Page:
Go see this award-winning documentary about a highly-politicized patch of green and the community who cultivated it in South Central Los Angeles. The saga of this urban garden and its people screens this week at the Elmwood theatre in Berkeley and the Lumiere in San Francisco.
It’s gritty, complex, full of shady backroom deals, greed, and, being L.A., the odd celebrity or two. Mostly, though, it’s the story of some 350 working class Latino families trying to survive in a harsh and unforgiving environment. Check out those towering banana plants. Marvel at that healthy cactus. Look at those rows of colorful corn. So much abundance in a previously blighted 14-acre plot. The South Central Farmers fought the good fight — and they’re still at it — for the basic human need to grow food.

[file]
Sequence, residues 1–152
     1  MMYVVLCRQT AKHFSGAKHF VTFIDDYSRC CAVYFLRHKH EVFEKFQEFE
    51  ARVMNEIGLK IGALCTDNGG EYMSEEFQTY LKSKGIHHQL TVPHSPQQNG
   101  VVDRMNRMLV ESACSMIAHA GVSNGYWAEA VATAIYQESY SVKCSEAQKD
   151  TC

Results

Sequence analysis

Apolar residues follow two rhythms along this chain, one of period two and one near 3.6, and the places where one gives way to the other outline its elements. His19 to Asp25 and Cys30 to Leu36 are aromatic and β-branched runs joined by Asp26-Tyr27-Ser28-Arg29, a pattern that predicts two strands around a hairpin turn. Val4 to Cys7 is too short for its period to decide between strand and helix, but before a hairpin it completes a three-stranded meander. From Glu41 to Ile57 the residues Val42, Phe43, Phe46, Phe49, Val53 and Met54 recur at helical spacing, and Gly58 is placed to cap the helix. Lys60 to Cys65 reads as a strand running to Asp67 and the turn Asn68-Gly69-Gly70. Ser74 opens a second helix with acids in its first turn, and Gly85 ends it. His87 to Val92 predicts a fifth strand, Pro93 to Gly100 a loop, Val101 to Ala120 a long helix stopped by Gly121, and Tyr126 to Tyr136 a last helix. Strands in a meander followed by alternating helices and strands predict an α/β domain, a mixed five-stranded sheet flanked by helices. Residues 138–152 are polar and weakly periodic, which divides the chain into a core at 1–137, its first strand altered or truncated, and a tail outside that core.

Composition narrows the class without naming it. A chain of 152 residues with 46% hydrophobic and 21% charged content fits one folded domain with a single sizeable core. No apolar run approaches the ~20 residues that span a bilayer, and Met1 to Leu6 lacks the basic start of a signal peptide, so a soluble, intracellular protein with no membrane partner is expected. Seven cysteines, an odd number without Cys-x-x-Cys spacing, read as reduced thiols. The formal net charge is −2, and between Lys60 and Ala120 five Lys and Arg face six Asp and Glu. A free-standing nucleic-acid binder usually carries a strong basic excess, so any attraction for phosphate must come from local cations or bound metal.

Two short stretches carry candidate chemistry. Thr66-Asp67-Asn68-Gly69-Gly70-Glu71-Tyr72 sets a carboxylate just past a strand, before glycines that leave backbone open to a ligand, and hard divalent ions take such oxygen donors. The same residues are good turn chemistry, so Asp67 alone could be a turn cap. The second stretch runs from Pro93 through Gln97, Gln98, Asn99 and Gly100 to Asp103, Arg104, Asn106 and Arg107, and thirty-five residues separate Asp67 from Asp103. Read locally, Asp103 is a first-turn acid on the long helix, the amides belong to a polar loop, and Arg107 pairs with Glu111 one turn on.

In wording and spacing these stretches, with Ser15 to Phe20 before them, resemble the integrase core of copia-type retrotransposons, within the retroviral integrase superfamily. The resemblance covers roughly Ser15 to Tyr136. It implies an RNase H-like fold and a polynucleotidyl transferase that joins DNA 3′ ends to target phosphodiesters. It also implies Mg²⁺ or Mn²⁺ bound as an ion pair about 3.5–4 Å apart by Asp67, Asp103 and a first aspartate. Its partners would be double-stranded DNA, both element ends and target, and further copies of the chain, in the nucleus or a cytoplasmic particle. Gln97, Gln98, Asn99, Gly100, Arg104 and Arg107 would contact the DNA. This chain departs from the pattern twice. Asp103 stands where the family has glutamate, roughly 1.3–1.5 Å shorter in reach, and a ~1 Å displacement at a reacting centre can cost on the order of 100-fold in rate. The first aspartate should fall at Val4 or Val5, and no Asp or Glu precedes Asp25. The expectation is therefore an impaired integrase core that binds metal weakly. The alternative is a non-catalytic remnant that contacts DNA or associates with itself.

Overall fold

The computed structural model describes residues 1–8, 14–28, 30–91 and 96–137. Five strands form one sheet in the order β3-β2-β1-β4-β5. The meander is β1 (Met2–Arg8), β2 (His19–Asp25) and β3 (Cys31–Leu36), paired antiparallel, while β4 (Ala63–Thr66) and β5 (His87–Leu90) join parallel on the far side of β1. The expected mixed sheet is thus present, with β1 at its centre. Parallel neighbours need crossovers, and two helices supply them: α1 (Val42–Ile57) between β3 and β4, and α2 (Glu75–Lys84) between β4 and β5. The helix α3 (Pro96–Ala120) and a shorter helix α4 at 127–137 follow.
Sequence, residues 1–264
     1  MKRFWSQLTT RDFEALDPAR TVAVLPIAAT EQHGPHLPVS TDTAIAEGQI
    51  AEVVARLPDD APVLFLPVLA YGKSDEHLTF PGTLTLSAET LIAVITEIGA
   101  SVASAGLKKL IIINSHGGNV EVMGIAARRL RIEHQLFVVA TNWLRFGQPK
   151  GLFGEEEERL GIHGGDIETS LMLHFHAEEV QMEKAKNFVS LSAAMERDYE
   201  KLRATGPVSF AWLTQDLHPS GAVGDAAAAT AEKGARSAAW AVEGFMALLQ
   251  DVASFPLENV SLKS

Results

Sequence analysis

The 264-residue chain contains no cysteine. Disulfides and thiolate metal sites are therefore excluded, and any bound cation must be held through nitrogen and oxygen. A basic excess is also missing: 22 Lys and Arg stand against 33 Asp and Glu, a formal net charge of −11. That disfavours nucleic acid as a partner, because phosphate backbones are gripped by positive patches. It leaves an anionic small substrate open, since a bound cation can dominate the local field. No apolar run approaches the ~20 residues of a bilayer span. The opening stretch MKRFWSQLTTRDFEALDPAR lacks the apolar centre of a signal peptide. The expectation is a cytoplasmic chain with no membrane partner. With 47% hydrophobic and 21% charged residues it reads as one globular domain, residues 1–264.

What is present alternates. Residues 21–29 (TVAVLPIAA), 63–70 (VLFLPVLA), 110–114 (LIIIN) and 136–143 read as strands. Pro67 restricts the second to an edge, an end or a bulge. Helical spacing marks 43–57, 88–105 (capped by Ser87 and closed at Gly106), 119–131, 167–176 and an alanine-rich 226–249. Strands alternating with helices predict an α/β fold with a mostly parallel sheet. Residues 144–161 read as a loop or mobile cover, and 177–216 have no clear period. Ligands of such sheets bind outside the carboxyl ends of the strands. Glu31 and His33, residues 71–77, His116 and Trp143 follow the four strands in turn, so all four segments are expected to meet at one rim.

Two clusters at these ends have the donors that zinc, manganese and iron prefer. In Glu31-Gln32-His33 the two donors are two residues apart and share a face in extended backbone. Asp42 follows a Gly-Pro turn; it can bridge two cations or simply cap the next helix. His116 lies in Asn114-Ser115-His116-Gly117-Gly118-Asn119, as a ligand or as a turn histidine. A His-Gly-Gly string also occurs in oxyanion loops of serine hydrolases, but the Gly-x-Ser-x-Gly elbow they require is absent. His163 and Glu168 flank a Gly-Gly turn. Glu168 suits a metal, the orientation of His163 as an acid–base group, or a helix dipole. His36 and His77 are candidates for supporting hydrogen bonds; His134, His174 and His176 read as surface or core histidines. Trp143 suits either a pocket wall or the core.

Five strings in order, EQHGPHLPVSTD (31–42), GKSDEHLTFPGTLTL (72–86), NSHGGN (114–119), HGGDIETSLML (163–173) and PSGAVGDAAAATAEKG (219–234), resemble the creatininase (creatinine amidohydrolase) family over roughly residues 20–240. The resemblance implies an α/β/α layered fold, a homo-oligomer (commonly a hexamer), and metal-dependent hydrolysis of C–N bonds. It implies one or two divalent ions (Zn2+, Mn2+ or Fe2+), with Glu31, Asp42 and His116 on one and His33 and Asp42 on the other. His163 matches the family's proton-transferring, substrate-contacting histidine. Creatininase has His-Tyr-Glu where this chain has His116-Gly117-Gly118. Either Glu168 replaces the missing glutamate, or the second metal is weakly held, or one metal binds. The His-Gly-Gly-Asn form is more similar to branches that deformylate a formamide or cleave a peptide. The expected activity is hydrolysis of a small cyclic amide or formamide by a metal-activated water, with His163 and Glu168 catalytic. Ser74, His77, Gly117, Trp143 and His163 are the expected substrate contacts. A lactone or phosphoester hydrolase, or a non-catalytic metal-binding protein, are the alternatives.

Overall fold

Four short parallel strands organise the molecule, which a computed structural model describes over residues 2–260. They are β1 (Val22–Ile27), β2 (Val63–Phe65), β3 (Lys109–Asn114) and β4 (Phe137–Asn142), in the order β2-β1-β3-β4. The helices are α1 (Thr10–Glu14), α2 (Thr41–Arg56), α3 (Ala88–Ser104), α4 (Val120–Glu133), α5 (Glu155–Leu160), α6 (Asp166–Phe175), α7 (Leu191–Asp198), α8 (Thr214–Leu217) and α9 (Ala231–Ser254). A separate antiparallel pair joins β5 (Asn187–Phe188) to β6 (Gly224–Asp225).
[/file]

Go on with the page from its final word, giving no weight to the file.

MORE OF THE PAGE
It’s got conflict. It’s got drama. It’s got poor versus rich. It will make you want to go home and do as Tezo, one of the main character’s in the film suggests at a post-screening Q&A, “tear down your fences, rip up your lawns, grow your own food, and build community.” That’s a sentiment I can totally dig.